US Corporation cashes in as Lesotho becomes the first African country to legalise cannabis cultivation

As reported on Feb. 6th, 2018… Lesotho has become the first African country to permit the legal cultivation of cannabis – but the production of the drug has been restricted to two foreign-owned companies, while rural farmers and the wider population continue to be prohibited from harvesting their own. 

Cannabis – known as matekoane in Sotho, the main language of Lesotho – remains illegal to harvest, sell, and possess across the country, under Lesotho’s Drugs of Abuse Act 2008. Under section 9 of this Act, being convicted of harvesting a cannabis plant mandates a person to face either a minimum of five years in prison, or a fine of at least M20,000 (£1,192/$1,664). Section 81 of the Act allows any police officer to “without warrant … enter any place on or in which [cannabis is] growing” to destroy said plants. The deprivation of Lesotho’s people from benefiting from a regulated production of this cash crop is particularly poignant given the country’s high poverty rate (57 per cent of people live below the poverty line), as well as cannabis’ historical significance in the country. Use of cannabis in Lesotho dates back as far as the 16th Century, and may have had a role in the settlement of the country. Ancestors of the Basotho people – the main ethnic group in Lesotho – may have purchased the territory in exchange for cannabis in around 1550, according to research in a UNESCO report.

*On February 6 2018, Corix Bioscience Inc. informed its shareholders that it had had a “tremendous quarter”, including acquiring PDC, which has allowed them to attain “the first license issued by the Government of Lesotho that enables them to import and the [sic] export cannabis and cannabis resin in various forms”. On its website, Corix Bioscience describes itself as “a leading provider of CBD [cannabidiol] used for a wide variety of medicinal purposes”, and it boasts of “manufacturing the best and safest CBD oils in the world”. Alongside the manufacture of CBD, the license for cannabis production that Corix Bioscience Inc. has acquired through its acquisition of PDC allows them to undertake a range of cannabis-related activities that are prohibited in most of the world. According to the terms of the license (available for download here), license-holders are permitted to “cultivate flowerings of the plant […] for the purpose of smoking, vaporizing, extraction, edible, […] and medicine production” across up to 20,000 square metres of land. The license-holder is permitted to “export, import and transit [cannabis] within, into and outside of Lesotho for medical use and/or scientific use and any other lawful use”. This thereby allows Corix Bioscience Inc. to transport Lesotho-produced cannabis or cannabis-based substances to any jurisdiction in the world that allows the drug for recreational or medical purposes, as long as that jurisdiction permits it. The company claims this to be around 30 countries.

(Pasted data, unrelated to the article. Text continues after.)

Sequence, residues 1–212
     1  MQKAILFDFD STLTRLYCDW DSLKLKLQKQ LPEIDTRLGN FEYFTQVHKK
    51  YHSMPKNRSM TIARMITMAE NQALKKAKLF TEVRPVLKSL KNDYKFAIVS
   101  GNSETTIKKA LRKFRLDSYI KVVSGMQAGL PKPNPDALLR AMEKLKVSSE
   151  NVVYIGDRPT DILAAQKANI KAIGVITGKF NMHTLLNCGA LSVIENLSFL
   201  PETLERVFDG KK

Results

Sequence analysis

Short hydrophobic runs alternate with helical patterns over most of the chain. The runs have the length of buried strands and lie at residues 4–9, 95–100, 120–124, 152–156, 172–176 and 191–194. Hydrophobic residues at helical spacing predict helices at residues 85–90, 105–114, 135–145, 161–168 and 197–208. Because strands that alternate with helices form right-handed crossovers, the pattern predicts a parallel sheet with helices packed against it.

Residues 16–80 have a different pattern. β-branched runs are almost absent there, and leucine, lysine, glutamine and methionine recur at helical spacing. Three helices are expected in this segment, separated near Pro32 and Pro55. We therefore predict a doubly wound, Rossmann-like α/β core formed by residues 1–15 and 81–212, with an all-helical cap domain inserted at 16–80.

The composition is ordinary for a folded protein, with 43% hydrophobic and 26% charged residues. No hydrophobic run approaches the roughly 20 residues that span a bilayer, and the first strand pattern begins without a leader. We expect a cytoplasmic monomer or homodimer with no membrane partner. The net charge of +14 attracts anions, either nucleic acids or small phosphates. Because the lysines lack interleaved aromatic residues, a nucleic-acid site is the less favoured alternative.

Original Article (Talking Drugs):
US Corporation cashes in as Lesotho becomes the first African country to legalise cannabis cultivation
Artwork Fair Use: Public Domain

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